Unknown Speaker  20:21  
Yes. And I think you can have your audience, I think it's absolutely great to show up with passion of your current state of mind and understanding. But be very clear that and you're here to listen. And the moment there is a better idea, my good idea is just as good as the next idea that will be better. That's the purpose of my good idea that somebody has, we have been inspired to build on it. And you know, together, we have something better if this is clear to the group than I think people want mind building on your idea. And of course, you have to be open to listen and evaluate. And sometimes, of course, say no, if things don't make sense. So it's not just about accepting everything, but like, be very focused on your shared goal. Ideally, the goal is never that the original speaker's idea goes through the goal is to achieve an aim in the the whole group. And very often, you know, the group is smarter than the veto.

Dia Bondi  21:14  
So you've said the word Listen, a bunch, and I use, I use that, in, in my work with founders, when they're preparing for a board, or they're going into a round, or they're, you know, a fundraising round, or they're getting ready to stand in front of an industry and, you know, speak their ideas in a way that, you know, establishes their leadership voice in the space in that industry in their domain, you know, that listening activity happens long before we even get in the room with folks, you know, we're, we're we're shutting up for a minute and asking who we're really speaking to, we're trying to meet them, right? Where they are understanding, listening ourselves, asking ourselves questions and listening for the answer. What do they care about? What matters to them right now? What are they afraid of? What are they excited by? You know, where do they want to go? versus where do we want to take them? You know, all this, the listening stars weeks before, lights go on, and the mics are turned on? And you've shared with me that you do you facilitate team, Team thinking group thinking together? What stops us from listening, if it's so critical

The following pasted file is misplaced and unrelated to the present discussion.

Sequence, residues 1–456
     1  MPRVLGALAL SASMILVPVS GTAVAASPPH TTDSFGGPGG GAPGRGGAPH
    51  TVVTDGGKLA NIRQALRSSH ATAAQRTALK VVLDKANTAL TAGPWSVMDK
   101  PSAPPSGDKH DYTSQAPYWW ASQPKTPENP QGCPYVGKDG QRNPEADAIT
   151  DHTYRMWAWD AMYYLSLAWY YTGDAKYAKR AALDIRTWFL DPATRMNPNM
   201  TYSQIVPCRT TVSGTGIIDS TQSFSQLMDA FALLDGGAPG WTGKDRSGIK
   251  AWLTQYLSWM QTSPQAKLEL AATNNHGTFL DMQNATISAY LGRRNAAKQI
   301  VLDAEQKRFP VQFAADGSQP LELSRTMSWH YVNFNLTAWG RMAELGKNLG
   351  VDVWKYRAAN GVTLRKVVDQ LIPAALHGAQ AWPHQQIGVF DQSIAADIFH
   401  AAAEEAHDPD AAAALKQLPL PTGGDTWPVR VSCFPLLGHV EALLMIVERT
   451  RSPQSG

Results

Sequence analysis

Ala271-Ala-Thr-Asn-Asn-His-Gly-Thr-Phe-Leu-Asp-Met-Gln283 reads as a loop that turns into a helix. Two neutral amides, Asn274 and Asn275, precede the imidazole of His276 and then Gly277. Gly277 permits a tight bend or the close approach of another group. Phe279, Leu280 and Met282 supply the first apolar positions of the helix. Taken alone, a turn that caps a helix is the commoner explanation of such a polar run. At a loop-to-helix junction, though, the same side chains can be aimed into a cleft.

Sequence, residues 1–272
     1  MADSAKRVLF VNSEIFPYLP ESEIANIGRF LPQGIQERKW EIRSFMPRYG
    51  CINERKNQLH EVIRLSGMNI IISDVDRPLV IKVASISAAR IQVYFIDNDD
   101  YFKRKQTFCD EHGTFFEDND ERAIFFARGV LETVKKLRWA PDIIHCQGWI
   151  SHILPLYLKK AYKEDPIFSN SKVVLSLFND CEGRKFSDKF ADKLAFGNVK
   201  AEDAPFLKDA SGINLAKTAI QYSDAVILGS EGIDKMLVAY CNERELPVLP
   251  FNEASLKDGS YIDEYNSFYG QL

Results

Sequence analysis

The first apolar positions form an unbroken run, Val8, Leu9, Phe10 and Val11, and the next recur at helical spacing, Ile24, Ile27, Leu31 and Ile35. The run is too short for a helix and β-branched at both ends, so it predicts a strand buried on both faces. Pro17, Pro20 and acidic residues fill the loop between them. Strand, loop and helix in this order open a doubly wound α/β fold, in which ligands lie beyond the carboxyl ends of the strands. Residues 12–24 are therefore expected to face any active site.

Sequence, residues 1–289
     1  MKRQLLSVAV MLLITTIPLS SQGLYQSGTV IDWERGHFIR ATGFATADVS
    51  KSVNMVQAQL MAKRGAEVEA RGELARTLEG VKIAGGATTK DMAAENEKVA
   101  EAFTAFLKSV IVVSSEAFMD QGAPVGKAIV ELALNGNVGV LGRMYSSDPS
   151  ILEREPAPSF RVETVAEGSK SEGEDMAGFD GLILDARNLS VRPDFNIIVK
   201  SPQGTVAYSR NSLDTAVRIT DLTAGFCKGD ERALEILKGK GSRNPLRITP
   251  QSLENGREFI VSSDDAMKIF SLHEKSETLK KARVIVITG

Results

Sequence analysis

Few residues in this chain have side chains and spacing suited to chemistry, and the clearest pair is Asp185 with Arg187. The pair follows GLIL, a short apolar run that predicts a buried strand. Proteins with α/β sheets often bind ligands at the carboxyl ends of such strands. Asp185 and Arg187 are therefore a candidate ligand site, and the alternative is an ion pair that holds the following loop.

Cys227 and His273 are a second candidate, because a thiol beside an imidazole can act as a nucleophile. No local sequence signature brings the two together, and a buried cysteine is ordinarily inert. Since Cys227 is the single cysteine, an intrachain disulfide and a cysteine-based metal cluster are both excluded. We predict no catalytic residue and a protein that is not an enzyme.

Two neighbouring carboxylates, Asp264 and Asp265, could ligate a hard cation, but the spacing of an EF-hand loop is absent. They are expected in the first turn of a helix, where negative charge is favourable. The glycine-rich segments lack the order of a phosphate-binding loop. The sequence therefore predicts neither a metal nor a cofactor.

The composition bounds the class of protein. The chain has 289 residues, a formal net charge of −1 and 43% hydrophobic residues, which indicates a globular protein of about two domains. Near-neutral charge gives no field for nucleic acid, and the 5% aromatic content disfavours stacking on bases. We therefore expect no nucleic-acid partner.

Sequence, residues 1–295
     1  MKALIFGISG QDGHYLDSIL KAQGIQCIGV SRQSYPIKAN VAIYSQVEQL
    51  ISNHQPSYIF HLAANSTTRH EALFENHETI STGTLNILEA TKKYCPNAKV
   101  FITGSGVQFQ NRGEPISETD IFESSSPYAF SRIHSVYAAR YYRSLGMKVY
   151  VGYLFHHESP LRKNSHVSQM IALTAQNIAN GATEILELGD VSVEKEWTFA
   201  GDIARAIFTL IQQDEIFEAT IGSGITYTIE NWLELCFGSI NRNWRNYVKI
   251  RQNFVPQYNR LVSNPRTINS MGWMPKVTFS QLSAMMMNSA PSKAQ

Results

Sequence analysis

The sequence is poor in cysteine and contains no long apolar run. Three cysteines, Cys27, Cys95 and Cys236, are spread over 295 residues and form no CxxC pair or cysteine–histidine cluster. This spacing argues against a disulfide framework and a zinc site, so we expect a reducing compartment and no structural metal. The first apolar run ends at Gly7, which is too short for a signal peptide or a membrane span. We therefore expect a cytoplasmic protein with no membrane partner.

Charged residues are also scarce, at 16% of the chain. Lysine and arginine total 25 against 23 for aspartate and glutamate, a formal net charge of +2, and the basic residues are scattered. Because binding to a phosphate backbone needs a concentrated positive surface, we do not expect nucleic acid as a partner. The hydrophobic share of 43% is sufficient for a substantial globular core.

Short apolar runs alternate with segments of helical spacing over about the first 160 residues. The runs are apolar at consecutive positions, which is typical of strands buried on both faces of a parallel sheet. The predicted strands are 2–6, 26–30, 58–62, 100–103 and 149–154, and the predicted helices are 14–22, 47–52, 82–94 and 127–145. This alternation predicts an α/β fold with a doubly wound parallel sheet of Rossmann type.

Unknown Speaker  22:25  
one example I see a lot. And I can resonate with this, it just makes sense that there is a really important presentation. I mean, you want to get investment as you please to the board, whatever it is, you probably going to present to very experienced people who are very intelligent. So you prepare a lot and create a narrative, a story and everything, and just can't wait to tell it. And every time what happens because these people are experienced, they look at you they listen for a few sentences, they decide that they trust you and your your deep understanding of your subject. But they want to ask questions that you probably won't be covering, because they have seen similar presentations. And that is very tricky that very often presenters, just try to stick back to their stories. Oh, good question, and then I'll have something else. And and I just think what Steph says is again a bit, you have to be confident that you're there because you know something, don't worry about trying to share everything you thought of you represent your knowledge, even after a few words for most people, they will trust you as a human being which will integrity, not because you say all the logical things that you prepared, but because it's you there is that person. And then be ready just to fully listen to what they are asking. And the concern is the questions and not try to tell the story that you prepared beforehand.